April 29, 2012
Robert L. Grabill, Director of Education
I was thinking about sheep well before I was given the opportunity to preach this morning. In two weeks, I will be spending the weekend with the Confirmation Class at Overlook Farm in Massachusetts, the New England headquarters of Heifer International. Most of you need no introduction to Heifer, which has dedicated itself to the pressing problem of helping the world feed itself because those who control the money and resources which could be a part of the solution worldwide have chosen to ignore their God-given responsibility to do so. Living and working at Heifer for a weekend is valuable learning experience. Their updated and upgraded programs give students a concrete sense of what it means to be hungry, and to spend all of your time thinking about your next meal. This is a working farm, though, and not just a classroom. There are chores to be done, and this presents a first-hand opportunity to get up close and personal with sheep. I will bring back pictures for you of Avery, Spencer, Eric, Jacob and Caroline holding baby sheep, leading a very vocal flock of sheep to new, spring pastures, and feeding them clumps of sweet, green grass. If we are lucky, we may see the miracle of birth close-up, although lambing season may be past. The students will return knowing a lot more about sheep, and it is possible that this may inform their understanding of the many, many metaphors in the Bible that refer to sheep and shepherds.
There is an obvious reason that scripture is full of this imagery. Sheep were commonplace in all of the Middle East during biblical times, and were crucial to daily life. There were also, by default, many shepherds. Everyone knew what it meant to be one, and everyone who heard scripture recited would have no difficulty conjuring up images of what it meant to be a good shepherd. Think for a moment of all of the shepherds in the Hebrew Bible: Joseph was a shepherd, working with his many older brothers to care for the family flock. He was caring for sheep when he began to have his dreams and and visions. Moses was a shepherd when he first encountered God, speaking to him from a burning bush. King David was first a young shepherd, watching his flock, when he was recruited by King Saul to face down the giant Goliath of Gath, height six cubits and a span, the champion of the Philistines. Being a shepherd in your youth was clearly a good thing to have on your resume in Hebrew Bible times.
Well before Jesus said “ego eimi ho poimen ho kalos” (“I am the good shepherd”), to a gathering of Pharisees in Jerusalem, there where important shepherd images in the Gospels. Luke the evangelist framed the birth narrative of Jesus by making shepherds in the fields the first to hear and understand the news of the birth of the Messiah. For Luke, this was the first of many instances when he sought to demonstrate that the good news was available to all, even the uneducated, lowly shepherds in the fields. This morning’s Gospel reading, from John, is taken from a long discourse by Jesus that uses imagery about sheep and shepherds more than anywhere else in all of the New Testament.
Just before today’s reading, John 10: 11-18, he says in John 10:1-6, “anyone who does not enter the sheepfold by the gate but climbs in by another way is a thief and a bandit. The one who enters by the gate is the shepherd of the sheep. The gatekeeper opens the gate for him, and the sheep hear his voice. He calls his own sheep by name, and leads them out.” Jesus continues what is as close to a parable as there is in all of the books of John, which unlike the other Gospels did not employ this literary device. But the Pharisees don’t get it. They don’t see that they are being compared to bad shepherds, thieves and robbers. So Jesus dumbs it down, and in John 10:7 he comes right out with it: “I am the gate for the sheep”. And two verses later: “I am the gate”. And then, at the start of today’s reading, comes another of what we exegetes call an “I am” statement: “I am the good shepherd”. Plain enough for you, Pharisees?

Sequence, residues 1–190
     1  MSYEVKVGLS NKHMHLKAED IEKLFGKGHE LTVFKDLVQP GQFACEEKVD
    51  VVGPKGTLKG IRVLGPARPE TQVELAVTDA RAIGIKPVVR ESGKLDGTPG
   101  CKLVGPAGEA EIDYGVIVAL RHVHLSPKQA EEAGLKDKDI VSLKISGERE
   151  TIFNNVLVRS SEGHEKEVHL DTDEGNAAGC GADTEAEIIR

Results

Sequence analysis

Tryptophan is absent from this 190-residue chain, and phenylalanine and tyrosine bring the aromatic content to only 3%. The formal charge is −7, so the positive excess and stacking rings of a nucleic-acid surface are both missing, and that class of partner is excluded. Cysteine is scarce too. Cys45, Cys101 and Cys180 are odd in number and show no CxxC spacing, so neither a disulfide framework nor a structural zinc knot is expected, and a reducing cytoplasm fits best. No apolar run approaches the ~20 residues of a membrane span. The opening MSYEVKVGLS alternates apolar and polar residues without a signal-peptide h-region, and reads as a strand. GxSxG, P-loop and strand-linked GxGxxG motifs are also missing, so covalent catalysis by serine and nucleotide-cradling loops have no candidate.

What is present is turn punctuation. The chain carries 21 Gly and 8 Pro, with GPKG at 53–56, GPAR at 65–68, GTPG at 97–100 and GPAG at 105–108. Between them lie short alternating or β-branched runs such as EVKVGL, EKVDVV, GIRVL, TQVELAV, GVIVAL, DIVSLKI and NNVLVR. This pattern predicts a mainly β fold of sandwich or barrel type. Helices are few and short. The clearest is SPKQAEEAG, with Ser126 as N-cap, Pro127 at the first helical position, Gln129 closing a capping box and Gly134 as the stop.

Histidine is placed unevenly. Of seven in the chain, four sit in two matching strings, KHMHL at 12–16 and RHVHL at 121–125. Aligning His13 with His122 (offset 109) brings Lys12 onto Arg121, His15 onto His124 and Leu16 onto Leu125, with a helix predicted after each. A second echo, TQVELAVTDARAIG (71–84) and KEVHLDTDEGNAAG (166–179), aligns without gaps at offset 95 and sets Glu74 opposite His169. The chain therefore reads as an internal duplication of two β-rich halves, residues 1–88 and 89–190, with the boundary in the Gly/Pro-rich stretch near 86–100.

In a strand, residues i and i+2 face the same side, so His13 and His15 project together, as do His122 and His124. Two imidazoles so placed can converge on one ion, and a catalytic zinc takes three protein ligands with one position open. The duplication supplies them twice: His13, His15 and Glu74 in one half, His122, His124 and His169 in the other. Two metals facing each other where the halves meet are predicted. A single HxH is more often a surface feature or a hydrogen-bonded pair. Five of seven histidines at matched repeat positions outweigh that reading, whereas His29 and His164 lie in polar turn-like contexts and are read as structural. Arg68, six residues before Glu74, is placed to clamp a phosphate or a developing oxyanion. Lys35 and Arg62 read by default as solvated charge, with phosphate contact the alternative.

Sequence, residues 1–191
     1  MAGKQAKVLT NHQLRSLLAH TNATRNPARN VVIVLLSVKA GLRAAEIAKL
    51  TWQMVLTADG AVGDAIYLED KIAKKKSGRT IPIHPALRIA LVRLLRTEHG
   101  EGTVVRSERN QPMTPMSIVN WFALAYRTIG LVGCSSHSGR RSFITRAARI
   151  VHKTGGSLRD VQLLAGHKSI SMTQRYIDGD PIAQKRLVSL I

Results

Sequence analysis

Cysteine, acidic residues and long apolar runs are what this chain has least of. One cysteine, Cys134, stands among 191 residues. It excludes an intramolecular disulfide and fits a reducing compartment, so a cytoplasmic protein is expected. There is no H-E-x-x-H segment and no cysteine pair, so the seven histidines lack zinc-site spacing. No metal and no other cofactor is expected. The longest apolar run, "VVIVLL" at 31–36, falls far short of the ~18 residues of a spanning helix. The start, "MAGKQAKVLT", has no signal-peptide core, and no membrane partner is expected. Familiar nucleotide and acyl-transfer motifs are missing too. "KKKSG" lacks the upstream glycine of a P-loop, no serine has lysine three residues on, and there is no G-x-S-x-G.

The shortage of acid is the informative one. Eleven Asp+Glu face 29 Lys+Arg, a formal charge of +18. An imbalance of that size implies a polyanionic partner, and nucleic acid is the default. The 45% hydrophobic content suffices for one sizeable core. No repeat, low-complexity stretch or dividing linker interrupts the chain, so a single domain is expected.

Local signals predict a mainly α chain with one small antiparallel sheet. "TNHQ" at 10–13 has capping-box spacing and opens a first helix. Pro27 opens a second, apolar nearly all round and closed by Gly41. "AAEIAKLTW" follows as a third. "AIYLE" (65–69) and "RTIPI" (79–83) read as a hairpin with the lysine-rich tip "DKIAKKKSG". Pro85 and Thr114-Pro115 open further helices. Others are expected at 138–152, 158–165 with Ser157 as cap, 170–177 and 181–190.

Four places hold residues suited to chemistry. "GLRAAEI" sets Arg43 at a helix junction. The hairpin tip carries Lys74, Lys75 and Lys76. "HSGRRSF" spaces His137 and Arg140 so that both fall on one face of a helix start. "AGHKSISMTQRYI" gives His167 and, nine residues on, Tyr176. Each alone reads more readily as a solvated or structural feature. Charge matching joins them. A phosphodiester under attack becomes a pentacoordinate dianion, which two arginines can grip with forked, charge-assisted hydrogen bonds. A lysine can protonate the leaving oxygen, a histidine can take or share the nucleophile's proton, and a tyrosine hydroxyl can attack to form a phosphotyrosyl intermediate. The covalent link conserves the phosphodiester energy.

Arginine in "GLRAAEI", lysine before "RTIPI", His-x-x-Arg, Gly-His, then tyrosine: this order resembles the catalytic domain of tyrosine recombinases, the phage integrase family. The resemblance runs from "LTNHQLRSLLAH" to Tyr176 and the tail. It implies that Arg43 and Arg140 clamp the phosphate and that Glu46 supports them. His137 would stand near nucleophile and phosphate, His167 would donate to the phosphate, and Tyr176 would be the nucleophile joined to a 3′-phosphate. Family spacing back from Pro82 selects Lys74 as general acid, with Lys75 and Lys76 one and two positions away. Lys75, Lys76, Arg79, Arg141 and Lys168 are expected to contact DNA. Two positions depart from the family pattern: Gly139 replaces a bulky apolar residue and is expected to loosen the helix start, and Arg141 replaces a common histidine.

I will return in just a moment to further consideration of this text, but first I want to frame it in the context of today’s other lectionary readings. Many of you are aware that the Bible readings each week are suggested by the common lectionary, used by many Christian churches. Here in Year B, from Easter to Pentecost, we get one chunk of text each from Acts, from Psalms, from the Gospel (all but one from Luke), and from the Epistles, this time around from 1 John. Some weeks, these verses fit together as uncomfortably as squabbling siblings in the back seat, making preachers want to turn around and say to them, “don’t make me stop this sermon!” Sometimes we’re glad that in the UCC we have no obligation to use any of the lectionary readings. But after wrestling with these texts for a week or so, I have been captivated by the powerful ways in which they relate to each other. Here’s what I mean:
Our opening words this morning were the Shepherd Psalm, and there are many, many reasons to say nothing further about this beloved poetry. This amazing work needs no further explanation. For many of us, these verses resonate so deeply with us. Even better, the way in which we read this responsively underscores the personal nature of these verses. The writer and reader of this Psalm are the sheep. God, loving and attentive, is the Good Shepherd. And because of this existential fact, we shall want for nothing. See how many times we said “me” or “I” in our recitation. In the first four verses, we describe what God the shepherd does for us. Imagine how strongly that resonated with the devout in the centuries before Christ who first recited this, and marvel about the staying power that has remained even into our non-agrarian society. And then, in verse 5, when our need for protection and comfort becomes the greatest, when we walk through the darkest valley, it becomes an intimate “I- thou” dialogue. And because we face the shadow of death, and not death itself, the journey continues to a safe haven with a metaphorical feast that surpasses the best that we can imagine. God, the strong, gentle, personal shepherd, will see us safely home.